* Three-quarters of U.S. business economists surveyed see liftoff happening this year and a little more than a third expect the Fed's first rate hike in more than nine years to happen in September. The new survey was taken before the stock market began to plummet. Seventy-seven percent of respondents to the August 2015 Economic Policy Survey by the National Association for Business Economics expect the the FOMC to raise its target for the federal funds rate above the current 0-to-25 basis-point range before the end of this year. That's up six percentage points from the 71% of panelists who held this view in the March 2015 Policy Survey. "A large and growing majority of business economists expects the Federal Open Market Committee to raise its target for the federal funds rate before the end of 2015," NABE President John Silvia, chief economist at Wells Fargo, said in a statement. "A slightly smaller majority believes that the FOMC should raise interest rates before year end." More than one-third look for such a move as soon as September of 2015, and 17% expect the Fed to keep policy on hold until 2016 or later, a notably smaller share than the 25% who held this view in March. [Repeated 7:16 ET]

* China's economic planning agency defended the country's prospects Monday, arguing that growth will be stable in the second half, that fundamentals remain sound and that the government has plenty of policy room on the policy front to respond. The National Development and Reform Commission's assessment was dated Monday but made no reference to the 9% plunge in the stock market. Instead, the commission argued that China's economic fundamentals haven't changed and that the government is on track for major economic indicators to meet their targets. The NDRC did acknowledge the risks facing the Chinese economy, but indicated that these are external in nature, including the chance of a Federal Reserve interest rate hike, falling commodities prices and other geopolitical factors. Domestically, cuts to production capacity, destocking and deleveraging will also weigh, the NDRC admitted. There was no detail in the comments, which were presented as a broad overview of economic conditions, hinting that the government is prepared to take more action to try to turn around the stock market or institute fresh policy easing. [5:15 ET]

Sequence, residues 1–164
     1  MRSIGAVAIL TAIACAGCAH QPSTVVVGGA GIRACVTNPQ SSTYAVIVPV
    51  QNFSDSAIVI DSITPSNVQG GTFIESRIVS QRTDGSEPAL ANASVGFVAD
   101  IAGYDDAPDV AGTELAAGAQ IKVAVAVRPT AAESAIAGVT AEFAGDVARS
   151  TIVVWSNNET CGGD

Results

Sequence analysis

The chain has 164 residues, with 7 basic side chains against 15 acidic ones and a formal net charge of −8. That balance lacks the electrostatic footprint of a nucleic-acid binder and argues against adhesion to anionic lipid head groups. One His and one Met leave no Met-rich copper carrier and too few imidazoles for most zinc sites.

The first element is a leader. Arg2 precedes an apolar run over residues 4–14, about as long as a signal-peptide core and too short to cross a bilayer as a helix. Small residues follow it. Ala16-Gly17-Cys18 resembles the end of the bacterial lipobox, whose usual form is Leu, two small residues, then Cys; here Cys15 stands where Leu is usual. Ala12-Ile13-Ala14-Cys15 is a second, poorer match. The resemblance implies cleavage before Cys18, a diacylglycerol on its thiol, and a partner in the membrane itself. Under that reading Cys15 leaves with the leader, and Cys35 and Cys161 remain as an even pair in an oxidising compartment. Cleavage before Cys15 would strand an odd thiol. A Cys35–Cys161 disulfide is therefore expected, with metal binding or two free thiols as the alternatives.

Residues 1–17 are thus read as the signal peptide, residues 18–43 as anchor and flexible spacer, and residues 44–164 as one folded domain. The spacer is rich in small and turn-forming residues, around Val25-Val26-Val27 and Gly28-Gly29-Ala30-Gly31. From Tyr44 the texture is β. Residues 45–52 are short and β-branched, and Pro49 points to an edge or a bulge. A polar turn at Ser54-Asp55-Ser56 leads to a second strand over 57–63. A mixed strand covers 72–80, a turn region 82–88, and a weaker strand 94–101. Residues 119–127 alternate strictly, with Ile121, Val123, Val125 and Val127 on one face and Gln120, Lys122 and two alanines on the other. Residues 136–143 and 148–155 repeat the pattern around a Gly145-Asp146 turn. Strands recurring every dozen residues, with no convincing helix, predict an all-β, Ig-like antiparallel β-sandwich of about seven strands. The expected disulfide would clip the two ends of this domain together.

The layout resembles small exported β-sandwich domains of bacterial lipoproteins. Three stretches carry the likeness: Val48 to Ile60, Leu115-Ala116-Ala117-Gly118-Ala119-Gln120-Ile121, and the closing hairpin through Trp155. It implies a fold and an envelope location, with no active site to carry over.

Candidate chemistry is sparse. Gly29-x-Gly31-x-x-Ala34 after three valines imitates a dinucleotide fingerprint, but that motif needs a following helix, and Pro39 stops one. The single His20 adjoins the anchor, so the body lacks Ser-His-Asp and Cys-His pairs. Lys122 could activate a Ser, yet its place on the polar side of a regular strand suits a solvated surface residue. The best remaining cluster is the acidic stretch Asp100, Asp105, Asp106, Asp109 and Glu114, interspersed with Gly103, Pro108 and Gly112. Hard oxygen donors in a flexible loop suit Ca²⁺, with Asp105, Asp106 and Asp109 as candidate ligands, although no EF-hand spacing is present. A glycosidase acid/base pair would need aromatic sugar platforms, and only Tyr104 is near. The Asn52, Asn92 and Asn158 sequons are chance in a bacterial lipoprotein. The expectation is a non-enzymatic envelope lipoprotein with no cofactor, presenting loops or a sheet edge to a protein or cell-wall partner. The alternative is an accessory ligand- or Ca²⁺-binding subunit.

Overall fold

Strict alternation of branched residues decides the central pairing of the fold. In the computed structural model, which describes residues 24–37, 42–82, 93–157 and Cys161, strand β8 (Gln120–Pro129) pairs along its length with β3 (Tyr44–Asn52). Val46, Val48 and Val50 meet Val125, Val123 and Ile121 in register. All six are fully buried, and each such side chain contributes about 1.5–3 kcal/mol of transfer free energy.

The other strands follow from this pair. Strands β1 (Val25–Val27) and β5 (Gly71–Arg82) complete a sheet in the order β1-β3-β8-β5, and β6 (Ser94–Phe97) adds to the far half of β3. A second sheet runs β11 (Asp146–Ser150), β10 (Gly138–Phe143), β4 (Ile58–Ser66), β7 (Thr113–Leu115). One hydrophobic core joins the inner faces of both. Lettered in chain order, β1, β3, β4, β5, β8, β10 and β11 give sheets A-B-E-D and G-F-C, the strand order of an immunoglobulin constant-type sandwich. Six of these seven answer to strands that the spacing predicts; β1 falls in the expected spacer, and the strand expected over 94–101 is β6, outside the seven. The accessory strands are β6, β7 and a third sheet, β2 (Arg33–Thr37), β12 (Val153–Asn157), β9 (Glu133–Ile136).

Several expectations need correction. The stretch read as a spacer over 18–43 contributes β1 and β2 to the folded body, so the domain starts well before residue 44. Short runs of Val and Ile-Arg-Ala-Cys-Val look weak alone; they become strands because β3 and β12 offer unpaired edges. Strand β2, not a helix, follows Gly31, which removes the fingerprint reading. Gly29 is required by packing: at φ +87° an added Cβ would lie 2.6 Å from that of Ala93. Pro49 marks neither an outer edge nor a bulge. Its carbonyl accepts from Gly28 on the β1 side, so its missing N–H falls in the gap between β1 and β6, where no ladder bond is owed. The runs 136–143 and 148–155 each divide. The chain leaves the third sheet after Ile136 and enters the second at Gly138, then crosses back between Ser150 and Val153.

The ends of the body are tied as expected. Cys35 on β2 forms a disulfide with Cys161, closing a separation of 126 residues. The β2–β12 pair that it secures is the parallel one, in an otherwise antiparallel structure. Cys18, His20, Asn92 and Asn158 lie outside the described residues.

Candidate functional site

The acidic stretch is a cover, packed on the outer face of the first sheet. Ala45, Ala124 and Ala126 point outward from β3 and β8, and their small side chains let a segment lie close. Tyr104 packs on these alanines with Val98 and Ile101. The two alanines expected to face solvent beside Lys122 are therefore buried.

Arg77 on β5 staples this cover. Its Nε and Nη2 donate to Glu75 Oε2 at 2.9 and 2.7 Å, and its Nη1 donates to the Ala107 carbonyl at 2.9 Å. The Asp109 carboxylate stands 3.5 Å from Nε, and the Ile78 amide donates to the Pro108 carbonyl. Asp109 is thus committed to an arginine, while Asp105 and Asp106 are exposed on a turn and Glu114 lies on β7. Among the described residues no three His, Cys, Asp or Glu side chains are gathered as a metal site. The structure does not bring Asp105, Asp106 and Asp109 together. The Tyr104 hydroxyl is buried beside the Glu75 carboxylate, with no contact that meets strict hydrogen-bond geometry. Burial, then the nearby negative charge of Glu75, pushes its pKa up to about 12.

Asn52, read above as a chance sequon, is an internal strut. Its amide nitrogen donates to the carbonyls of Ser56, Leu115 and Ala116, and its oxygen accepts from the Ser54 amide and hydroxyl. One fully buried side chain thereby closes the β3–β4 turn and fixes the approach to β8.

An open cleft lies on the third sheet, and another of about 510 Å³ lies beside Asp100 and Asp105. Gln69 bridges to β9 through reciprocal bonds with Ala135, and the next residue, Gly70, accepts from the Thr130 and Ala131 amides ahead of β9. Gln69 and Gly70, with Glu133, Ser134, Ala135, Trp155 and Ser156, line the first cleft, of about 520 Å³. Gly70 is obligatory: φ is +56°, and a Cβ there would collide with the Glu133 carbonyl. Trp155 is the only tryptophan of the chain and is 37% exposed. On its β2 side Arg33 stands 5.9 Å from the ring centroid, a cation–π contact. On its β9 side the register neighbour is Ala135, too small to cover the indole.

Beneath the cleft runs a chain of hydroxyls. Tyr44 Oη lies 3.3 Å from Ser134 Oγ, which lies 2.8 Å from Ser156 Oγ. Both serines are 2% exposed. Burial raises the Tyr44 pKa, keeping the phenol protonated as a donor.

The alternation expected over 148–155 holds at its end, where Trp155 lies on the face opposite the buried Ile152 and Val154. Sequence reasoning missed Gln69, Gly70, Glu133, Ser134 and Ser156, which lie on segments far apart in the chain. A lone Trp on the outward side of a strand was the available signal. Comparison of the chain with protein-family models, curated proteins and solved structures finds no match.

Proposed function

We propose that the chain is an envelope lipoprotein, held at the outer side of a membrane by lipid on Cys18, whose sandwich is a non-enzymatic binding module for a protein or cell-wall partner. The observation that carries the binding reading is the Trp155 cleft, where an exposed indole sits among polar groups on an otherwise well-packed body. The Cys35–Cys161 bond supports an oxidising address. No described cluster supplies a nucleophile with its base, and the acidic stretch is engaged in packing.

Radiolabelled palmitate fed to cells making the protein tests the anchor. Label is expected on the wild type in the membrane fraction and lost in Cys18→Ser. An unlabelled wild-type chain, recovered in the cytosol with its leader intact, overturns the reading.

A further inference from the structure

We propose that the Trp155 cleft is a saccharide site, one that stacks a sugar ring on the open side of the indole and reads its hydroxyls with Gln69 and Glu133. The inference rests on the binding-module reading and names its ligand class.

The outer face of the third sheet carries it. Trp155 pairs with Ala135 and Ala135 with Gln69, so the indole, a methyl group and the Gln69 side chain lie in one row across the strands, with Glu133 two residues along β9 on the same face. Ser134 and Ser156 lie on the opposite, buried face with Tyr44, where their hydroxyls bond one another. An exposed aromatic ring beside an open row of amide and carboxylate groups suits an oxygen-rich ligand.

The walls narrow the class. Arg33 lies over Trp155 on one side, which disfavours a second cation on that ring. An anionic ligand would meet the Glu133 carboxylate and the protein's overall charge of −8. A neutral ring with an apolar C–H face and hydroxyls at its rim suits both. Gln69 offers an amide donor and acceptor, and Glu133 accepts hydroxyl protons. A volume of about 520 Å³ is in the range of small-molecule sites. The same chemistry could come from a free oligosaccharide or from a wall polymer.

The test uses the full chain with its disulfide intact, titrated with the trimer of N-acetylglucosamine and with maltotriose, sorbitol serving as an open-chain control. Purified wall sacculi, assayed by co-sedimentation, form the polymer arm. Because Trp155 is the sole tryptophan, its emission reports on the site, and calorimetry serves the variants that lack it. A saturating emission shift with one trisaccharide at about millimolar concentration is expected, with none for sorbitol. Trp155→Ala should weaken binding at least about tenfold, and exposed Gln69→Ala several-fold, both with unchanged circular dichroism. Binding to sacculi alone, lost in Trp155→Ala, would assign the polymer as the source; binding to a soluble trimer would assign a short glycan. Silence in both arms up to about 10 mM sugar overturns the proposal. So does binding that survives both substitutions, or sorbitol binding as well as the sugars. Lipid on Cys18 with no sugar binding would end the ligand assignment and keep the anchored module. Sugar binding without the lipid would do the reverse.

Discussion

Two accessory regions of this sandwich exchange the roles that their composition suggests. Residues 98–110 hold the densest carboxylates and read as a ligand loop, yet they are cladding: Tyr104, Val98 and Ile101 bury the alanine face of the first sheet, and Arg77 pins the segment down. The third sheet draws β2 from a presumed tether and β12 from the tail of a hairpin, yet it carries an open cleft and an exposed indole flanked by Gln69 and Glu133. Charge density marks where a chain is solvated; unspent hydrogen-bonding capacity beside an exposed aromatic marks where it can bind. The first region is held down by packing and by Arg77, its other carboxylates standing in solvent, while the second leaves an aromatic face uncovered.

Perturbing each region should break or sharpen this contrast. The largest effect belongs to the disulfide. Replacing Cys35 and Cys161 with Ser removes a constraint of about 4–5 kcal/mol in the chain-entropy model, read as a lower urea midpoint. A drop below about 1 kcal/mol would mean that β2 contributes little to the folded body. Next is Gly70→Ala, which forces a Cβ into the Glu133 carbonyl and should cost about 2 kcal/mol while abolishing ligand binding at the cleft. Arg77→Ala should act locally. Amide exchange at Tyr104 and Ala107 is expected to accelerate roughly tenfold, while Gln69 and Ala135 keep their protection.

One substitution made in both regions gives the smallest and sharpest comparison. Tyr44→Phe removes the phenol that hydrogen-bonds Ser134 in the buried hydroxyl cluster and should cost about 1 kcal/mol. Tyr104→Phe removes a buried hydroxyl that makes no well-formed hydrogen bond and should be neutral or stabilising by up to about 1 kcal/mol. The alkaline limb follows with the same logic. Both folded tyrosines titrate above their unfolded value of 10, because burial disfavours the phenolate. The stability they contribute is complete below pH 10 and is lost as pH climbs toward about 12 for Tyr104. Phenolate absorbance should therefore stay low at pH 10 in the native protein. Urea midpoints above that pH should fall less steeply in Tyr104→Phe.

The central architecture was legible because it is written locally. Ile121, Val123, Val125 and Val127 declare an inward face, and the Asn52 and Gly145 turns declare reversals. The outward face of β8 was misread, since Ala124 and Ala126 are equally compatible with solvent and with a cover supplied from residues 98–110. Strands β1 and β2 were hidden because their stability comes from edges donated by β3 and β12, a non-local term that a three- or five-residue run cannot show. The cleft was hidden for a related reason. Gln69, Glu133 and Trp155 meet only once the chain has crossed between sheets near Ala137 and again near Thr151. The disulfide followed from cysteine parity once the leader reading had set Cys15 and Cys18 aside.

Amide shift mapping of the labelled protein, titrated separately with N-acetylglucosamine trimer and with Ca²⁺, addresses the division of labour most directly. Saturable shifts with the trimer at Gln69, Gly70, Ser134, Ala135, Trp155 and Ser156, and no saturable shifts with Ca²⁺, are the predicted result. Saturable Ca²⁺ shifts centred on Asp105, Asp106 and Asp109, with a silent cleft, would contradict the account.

* Chinese legislators are meeting this week to review the fixing of a ceiling on outstanding local government debt, the official Xinhua News Agency reported. Minister of Finance Lou Jiwei told National People's Congress delegates in Beijing on Monday that the imposition of a ceiling on local government debt is an important part of managing local government borrowing. Lou said the Finance Ministry, together with the central bank and other government agencies, have gone through and verified local government debt numbers as at the end of 2014. He said the proposed debt ceiling for local governments covers outstanding local government debt at the end of 2014 plus new local government debt for this year as approved in March by the NPC. [5:33 ET]

* The PBOC's large-scale injections via its open market operations last week, as well as the Medium-term Lending Facility funds, were in response to increasing capital outflows, said the Financial News, a PBOC-owned newspaper in a commentary. The newspaper said the PBOC is trying to adjust short-, medium- and long-term liquidity and reduce volatility in money rates. It said the central bank will use more open market operations, together with other tools, to create base money. The Financial News commentary made no mention of any cut to the bank deposit reserve ratio. [3:02 ET]

* Prime Minister Shinzo Abe is not holding the Bank of Japan responsible for failing to anchor 2% inflation anytime soon in a joint effort with the government to reflate the economy while BOJ officials are counting on tight labor supply to raise consumer prices. Abe told parliament Monday that it is "inevitable" that the BOJ cannot hit the 2% inflation target as planned at a time when global energy prices are falling, which filters through to many items in the CPI basket of goods and services. "I understand the Bank of Japan's explanation that it has become difficult to achieve the 2% price target when crude oil prices are falling," he told the Upper House Budget Committee. Abe didn't say whether he thinks the BOJ is unlikely to meet its latest, delayed timeframe that 2% inflation will be achieved "around" the first half of fiscal 2016 (April-September). But he also said while weak oil prices have a big impact on the consumer price index, lower energy costs should support an economic recovery. [1:06 ET]

--MNI Washington Bureau; tel: +1 202-371-2121; email: